J.R.R. Tolkien, G.K. Chesterton, and C.S. Lewis would all have been the first to declare that, if the world is magical, if it is more like a story than a meaningless jumble of random events, then there must be a storyteller. And as the Eucatastrophe is the hallmark of every great Fairy Tale, it is also the hallmark of the greatest Story that we know, and of the greatest Storyteller.
Fairy tales are written with words. But the great Storyteller writes with history itself. Fairy Tales have been handed down since the dawn of humankind, and they have all contained this one marvelous element: of Eucatastrophe. But, in a world that has real meaning, all of these tales have merely prefigured or echoed the one very special Eucatastrophe that was written in deeds rather than in words: the Fairy Tale-come-to-life of the death and resurrection of Christ.
Consider, for a moment. Who among us, hearing the story of Christ for the first time, with the ears of innocence and childhood, would not fervently wish for it to be true? Who among even the most practical of atheists would not love to believe it, if only he could?
The story has all of the elements of the very best Fairy Tale you could possibly imagine; the birth and growth into wisdom and adulthood of someone entirely good, who seeks to liberate a land filled with disease, death, and despair; the healing of thousands by this man, and the bringing of hope to others; the scheming of those who were jealous of him, and their seeming triumph in destroying him – only to have that very death itself lead to the triumphant Return of the King, because His love was stronger than the gates of hell and death itself.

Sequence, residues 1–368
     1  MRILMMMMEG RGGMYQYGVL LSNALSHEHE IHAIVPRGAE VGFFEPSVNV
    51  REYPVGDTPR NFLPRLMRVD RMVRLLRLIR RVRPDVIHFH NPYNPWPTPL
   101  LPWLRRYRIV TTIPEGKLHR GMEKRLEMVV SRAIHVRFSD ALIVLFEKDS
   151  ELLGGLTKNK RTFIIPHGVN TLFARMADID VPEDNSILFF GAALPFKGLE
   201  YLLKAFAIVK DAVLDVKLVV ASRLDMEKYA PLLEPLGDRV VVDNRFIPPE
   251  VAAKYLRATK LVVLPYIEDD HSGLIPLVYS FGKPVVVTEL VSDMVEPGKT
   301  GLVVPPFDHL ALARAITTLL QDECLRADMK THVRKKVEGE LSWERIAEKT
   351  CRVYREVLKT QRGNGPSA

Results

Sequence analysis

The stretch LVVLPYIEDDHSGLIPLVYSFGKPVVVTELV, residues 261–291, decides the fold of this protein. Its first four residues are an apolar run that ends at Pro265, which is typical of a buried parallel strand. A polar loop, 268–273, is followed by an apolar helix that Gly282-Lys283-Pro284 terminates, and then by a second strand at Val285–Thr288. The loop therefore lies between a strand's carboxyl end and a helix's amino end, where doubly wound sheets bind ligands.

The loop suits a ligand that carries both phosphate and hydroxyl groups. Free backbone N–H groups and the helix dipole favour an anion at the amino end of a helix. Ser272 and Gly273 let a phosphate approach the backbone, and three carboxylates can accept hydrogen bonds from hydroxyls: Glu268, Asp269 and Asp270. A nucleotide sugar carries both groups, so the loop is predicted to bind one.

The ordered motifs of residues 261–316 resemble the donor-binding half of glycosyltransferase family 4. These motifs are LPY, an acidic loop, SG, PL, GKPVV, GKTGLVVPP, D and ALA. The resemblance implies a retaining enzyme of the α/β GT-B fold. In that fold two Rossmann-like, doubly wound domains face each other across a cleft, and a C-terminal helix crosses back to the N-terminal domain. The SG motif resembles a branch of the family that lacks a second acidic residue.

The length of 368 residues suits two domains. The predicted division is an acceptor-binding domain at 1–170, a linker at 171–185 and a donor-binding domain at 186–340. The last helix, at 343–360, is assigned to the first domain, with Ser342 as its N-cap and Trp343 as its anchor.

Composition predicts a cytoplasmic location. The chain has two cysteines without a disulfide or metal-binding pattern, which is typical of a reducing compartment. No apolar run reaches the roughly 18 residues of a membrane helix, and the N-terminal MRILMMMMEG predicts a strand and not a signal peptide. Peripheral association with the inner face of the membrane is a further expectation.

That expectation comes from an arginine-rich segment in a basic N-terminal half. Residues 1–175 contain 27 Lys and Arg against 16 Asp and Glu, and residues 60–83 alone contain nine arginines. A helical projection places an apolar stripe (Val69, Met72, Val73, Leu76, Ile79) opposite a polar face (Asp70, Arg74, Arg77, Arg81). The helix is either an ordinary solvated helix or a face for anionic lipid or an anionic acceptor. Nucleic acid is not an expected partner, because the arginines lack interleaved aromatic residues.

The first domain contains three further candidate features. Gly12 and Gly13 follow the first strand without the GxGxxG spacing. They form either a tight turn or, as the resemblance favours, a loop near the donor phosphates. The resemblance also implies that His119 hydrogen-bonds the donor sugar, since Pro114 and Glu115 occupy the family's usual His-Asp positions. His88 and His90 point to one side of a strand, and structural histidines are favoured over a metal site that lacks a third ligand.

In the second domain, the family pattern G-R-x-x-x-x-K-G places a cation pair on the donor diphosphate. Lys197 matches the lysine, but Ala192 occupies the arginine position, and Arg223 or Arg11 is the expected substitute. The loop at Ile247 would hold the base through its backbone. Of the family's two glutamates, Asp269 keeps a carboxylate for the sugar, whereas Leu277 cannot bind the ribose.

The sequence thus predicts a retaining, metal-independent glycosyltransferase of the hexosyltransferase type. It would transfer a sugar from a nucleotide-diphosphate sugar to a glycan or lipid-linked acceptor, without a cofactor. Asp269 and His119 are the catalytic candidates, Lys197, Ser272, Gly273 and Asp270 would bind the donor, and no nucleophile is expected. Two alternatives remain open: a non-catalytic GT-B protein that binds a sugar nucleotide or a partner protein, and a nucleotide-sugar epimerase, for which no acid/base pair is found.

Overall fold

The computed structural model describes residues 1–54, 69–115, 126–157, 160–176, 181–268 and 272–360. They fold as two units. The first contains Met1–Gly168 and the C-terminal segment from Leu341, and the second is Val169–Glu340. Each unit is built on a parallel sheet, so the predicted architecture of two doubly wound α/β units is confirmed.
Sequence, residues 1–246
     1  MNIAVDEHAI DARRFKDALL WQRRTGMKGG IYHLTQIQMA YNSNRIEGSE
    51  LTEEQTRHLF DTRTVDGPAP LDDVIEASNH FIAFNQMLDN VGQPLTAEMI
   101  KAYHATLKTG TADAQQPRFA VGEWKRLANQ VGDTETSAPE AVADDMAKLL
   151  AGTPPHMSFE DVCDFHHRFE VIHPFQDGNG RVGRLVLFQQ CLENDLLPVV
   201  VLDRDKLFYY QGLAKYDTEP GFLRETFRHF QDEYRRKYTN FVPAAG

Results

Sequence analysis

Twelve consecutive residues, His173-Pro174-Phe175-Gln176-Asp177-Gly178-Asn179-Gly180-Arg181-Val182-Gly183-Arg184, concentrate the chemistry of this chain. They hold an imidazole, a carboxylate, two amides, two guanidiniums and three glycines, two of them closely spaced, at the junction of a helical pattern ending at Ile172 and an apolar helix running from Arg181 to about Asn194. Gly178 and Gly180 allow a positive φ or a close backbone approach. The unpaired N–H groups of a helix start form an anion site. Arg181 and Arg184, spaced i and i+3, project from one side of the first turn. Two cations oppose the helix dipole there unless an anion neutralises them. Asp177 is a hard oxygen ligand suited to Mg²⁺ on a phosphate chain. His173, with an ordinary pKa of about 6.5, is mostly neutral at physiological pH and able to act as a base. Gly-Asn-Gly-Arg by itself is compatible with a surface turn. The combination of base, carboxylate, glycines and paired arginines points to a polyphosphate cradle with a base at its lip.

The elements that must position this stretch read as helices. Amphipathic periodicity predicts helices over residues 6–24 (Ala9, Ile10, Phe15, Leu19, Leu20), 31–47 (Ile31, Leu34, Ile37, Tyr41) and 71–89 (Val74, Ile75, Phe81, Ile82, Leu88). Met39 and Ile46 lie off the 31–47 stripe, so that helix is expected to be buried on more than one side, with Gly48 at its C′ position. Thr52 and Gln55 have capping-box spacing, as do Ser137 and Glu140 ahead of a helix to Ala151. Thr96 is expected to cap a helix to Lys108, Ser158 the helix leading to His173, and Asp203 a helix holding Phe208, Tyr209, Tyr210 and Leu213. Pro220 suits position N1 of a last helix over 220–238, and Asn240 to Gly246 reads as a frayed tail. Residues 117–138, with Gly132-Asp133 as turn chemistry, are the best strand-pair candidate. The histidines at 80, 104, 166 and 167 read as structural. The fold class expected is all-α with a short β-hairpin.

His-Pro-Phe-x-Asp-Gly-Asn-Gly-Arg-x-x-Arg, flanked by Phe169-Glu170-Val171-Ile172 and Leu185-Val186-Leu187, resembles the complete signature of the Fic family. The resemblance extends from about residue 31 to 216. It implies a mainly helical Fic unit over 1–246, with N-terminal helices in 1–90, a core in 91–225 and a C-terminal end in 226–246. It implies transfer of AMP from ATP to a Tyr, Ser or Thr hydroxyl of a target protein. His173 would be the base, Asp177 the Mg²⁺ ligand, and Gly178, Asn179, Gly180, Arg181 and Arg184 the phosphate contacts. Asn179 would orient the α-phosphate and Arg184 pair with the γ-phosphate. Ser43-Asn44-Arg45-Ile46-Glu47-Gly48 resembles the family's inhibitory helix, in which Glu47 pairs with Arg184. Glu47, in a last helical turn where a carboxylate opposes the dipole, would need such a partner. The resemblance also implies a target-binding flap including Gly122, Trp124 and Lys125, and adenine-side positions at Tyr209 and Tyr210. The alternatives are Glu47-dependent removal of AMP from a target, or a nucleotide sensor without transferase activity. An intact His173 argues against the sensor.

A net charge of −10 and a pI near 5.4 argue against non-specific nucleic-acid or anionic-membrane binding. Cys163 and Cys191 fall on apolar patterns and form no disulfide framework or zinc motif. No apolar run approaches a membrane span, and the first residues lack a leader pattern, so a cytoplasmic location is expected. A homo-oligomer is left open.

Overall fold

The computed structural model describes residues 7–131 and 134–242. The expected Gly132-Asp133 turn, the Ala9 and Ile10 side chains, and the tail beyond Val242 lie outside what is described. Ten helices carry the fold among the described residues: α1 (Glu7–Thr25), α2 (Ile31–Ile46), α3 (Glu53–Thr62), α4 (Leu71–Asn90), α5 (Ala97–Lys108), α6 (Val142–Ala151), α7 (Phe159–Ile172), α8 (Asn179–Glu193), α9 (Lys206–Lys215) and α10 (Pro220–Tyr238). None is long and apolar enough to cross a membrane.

What a marvelous story! And yet…it really happened.
Eucatastrophe, then, is not just some literary device. True, it is a promise made in our most cherished childhood tales, but it is also one that is completely fulfilled in the Gospels. The Storyteller enters His own tale, out of love, in order to bring Goodness, Truth, and Beauty to a world in despair.
I started out asking “Why fairy tales?” That is, what’s the fuss? Why would any artist be so focused on things that are the stuff of childhood legends and fantasies? More than that, why would any of the rest of us want to spend time reading or dwelling on such things?
The answer that I hope I’ve provided, is that Fairy Tales are not “lies breathed through silver”, as C.S. Lewis once called them, but the deepest of Truths bedecked in jewels and glory. They are powerful medicine, but they rest sweet on the tongue, that their message can thus work its magic upon us.
C.S. Lewis once spoke of Fairy Tales being the best means of getting past our “watchful dragons”: those beasts that stand at the threshold of our souls, guarding us against silly childhood notions and enforcing the dictums of our dear, secular Uncle Fred. Fairy tales slip past those dragons, and the Truths that they contain are thus safely tucked away for us to recall in our darkest hours.
“If you want your children to be intelligent,” advised Albert Einstein, “read them fairy tales. If you want them to be more intelligent, read them more fairy tales.”
So, what are the truths we’ve learned from the realm of Faerie? That the world is a magical place; that it has meaning, because it was created by Someone who instilled it with meaning; that the world is wildly beautiful, despite its flaws; and that the proper response to it and to its Maker is to become as little children: to open our eyes and to trust in the One who has given all of it to us, out of love.
It is my hope that some of these thoughts might re-awaken your own sense of wonder, and you own capacity for hope, for trust, and for the opportunity to look around you once more with fresh eyes.